Thursday, April 5, 2012

Sweet stuffed pineapple from Yunnan

Located as it is in the southern reaches of China, just across the border from Myanmar (Burma), with a toe in Laos and a more ample thigh resting against Vietnam, Yunnan can be forgiven if its cuisine is even more exotic than might be expected. 

Lush, tropical flavors spark just about every dish, and the many ethnic tribes that have made their homes in this province's abundant rain forests have contributed spices and sensibilities that are a long way from Beijing.

Called Diancai in Chinese, the local cuisine is truly exotic, and this even extends to the ingredients, for along with Daliang in Guangdong and the lovely yogurts in various Muslim cuisines in the Chinese north, this is one of the few places where milk is a solid part of the dining scene, but you wouldn't know it from appearances. 
Edged (L) & hollowed (R) pineapples

That is because the most famous dairy dish here is made out milk that it is boiled with a coagulant, and then the proteins are stretched out and dried. A specialty of the Bai minority in the area around Dali in the western hill country of Yunnan, these are fried, braised, or even stuffed, and they have a gentle cheesy flavor. They look much like the soy skins enjoyed in the rest of China, but instead of being turned into flat sheets, these are often pleated, hence their name, rushan or "milk fans."

Chicken is prized here, perhaps because it is such a mountainous area, and chickens will live just about anywhere. The most well known of the local chicken dishes is Steampot Chicken, which uses an ingenious pot for steaming and trapping every drop of juice and flavor. Fish, too, is a favorite ingredient, as we see in another recipe, Crispy Bean Sauce over Steamed Cod

Most of Yunnan's beloved dishes, though, are very spicy. We'll be looking at some of the most delicious ones in the months ahead, especially during the summer when these vibrant flavors seem especially welcoming. Today, though, we are going to enjoy the sweeter side of this beautiful place.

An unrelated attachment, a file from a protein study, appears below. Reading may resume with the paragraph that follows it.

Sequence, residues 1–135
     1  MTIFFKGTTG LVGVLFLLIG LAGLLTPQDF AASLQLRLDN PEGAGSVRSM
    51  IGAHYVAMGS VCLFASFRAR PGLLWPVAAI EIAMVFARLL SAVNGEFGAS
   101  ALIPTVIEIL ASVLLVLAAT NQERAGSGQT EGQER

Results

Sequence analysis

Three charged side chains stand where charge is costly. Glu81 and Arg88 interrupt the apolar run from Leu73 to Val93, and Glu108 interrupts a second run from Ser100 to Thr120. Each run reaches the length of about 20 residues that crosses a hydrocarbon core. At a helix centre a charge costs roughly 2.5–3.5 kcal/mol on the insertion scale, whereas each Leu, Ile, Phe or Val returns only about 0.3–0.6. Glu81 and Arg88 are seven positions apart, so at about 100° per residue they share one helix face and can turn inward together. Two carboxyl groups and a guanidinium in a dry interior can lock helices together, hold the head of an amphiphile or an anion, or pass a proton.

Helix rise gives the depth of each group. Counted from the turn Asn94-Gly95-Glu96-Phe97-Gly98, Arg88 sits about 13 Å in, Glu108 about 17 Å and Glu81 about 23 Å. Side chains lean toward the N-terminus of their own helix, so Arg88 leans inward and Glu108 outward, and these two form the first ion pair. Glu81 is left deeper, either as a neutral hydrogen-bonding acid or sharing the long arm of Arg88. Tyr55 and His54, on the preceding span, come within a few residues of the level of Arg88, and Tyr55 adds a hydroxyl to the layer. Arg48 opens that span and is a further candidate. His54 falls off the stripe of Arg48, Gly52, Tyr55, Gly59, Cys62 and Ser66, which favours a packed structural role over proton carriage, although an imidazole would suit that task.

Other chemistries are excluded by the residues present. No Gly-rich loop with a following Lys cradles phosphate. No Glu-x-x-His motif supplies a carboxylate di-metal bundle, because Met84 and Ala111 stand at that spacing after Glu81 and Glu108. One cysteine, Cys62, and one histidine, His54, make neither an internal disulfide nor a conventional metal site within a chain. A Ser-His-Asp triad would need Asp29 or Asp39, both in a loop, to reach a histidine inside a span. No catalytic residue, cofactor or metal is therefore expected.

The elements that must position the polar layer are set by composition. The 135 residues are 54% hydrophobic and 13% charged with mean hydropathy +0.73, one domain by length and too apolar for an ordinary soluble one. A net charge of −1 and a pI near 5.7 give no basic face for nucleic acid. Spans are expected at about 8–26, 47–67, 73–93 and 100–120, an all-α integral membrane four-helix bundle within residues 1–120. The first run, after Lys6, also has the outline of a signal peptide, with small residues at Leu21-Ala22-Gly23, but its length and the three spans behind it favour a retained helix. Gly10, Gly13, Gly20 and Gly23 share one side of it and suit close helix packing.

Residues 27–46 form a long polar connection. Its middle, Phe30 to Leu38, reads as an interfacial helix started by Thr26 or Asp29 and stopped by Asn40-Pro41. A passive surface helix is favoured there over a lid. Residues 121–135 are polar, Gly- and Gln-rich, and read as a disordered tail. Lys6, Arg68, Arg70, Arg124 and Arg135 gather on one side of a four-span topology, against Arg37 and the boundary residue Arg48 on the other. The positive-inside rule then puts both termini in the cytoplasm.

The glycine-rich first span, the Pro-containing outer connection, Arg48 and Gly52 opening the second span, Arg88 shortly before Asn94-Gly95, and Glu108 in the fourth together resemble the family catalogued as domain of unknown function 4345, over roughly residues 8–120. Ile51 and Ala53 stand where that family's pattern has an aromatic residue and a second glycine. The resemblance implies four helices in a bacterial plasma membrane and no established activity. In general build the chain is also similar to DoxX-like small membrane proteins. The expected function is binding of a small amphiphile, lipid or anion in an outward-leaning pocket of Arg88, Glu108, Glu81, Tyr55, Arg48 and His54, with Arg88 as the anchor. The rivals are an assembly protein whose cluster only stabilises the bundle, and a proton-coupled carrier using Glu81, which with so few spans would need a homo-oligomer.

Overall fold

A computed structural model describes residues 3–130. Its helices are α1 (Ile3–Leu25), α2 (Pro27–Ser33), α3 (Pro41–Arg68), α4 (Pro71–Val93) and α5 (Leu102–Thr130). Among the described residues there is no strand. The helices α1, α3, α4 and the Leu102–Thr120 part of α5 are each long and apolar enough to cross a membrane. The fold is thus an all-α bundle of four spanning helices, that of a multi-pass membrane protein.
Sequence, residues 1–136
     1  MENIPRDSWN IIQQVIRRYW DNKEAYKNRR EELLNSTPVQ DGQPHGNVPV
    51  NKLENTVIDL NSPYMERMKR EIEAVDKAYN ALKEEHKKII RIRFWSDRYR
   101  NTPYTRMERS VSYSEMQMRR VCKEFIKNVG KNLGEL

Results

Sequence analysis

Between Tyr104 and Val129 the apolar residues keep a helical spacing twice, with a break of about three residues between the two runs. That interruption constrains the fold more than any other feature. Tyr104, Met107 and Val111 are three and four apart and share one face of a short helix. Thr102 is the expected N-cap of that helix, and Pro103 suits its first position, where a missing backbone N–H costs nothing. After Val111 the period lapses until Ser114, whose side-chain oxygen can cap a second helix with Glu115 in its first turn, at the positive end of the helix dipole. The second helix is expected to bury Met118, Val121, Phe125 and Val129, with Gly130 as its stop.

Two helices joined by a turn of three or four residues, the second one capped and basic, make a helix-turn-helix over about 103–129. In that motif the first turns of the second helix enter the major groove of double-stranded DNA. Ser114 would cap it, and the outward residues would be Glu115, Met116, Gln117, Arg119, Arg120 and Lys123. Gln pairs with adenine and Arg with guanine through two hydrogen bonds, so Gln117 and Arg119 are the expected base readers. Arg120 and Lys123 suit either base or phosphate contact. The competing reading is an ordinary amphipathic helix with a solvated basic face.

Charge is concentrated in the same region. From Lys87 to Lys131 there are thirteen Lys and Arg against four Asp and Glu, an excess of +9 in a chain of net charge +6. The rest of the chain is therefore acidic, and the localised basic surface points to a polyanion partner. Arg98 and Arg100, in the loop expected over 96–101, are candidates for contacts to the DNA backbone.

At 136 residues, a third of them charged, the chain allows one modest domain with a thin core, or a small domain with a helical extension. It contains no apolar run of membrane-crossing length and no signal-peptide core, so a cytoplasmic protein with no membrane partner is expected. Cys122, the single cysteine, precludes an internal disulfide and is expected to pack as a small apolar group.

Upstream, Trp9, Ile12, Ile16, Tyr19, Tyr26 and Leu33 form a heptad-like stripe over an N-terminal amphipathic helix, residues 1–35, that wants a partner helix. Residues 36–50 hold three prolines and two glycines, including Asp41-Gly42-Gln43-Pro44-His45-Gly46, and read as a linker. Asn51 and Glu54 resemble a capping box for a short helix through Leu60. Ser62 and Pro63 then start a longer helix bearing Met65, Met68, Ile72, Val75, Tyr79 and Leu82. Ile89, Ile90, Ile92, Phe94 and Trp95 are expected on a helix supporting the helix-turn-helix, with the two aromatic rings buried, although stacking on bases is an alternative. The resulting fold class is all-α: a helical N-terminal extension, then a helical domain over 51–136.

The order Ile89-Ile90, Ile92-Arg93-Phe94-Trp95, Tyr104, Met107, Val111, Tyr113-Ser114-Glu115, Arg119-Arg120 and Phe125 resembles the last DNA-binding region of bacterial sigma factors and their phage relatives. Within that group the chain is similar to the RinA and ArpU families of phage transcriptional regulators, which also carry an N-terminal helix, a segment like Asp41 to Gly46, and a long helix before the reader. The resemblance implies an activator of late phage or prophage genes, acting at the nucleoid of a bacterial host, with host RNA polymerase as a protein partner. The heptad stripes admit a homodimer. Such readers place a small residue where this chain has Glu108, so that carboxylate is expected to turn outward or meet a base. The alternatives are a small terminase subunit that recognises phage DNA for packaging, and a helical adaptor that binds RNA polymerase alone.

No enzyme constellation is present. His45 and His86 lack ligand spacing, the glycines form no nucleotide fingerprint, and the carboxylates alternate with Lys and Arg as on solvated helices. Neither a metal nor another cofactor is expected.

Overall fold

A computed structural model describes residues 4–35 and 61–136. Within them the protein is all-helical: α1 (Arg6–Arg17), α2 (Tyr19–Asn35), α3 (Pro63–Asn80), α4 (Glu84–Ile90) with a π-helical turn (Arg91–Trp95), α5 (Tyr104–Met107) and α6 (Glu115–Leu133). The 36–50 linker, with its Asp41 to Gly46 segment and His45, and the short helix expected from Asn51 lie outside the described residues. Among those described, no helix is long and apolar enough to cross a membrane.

Carve out the flesh in wedges
Refreshing, sweet, tart, soft, crunchy, and juicy, this is one amazing dessert from the Dai people who live in the mountains of Yunnan.  It looks as extraordinary as it tastes, too, and is a spectacular way to end a meal. 

Traditionally, the Dai people use white glutinous rice here, but I’ve come to love the color and enticing aroma of Thai black glutinous rice in this dish, where the velvety black rice looks gorgeous against the yellows of the pineapple and the tan longans, or "dragon eye" fruits.  It has a depth of flavor that turns this already wonderful dish into something utterly glorious. Besides, this type of rice is used in many other local dishes, so it's a very natural transition.

At the risk of putting earrings on an elephant, I sprinkle toasted coconut on top just before serving. This adds yet another tropical layer, a touch of crispness against the chewy grains and soft fruit, and a bit of richness from the coconut oil in this otherwise almost fat-free dessert.

Ready to eat
Yunnan's sweet pineapple rice  
Boluo fan 菠蘿飯
Serves 6 to 8 as a dessert

1 cup sticky (a/k/a glutinous, sweet) rice (see Tips)
Filtered water as needed
1 fresh, ripe pineapple (see Tips)
3 pieces of rock sugar, each one about the size of a walnut, bashed into smallish pieces if at all possible, or about ⅓ cup sugar (see Tips)
½ teaspoon sea salt, optional
½ cup dried longans (see Tips) or golden raisins
Boiling water as needed
½ cup toasted pine nuts or coarsely chopped almonds (see Tips)
Honey or agave nectar, optional
½ cup flaked or shredded coconut, optional but recommended

1. Rinse the rice in a sieve under running water and then soak the rice for at least 2 hours or overnight; it is ready when you can crush a grain with your fingernail. Drain the rice thoroughly and place it in a large work bowl. 

Into the steamer we go...
2. Scrub the pineapple all over with soapy water and a brush, rinse well, and pat dry. Cut off all but about 2 inches of the leaves, or as much as will help you fit the two halves into your steamer basket(s). Trim the remaining leaves so that they look nice, and edge off the whiskers on the bottom of the pineapple.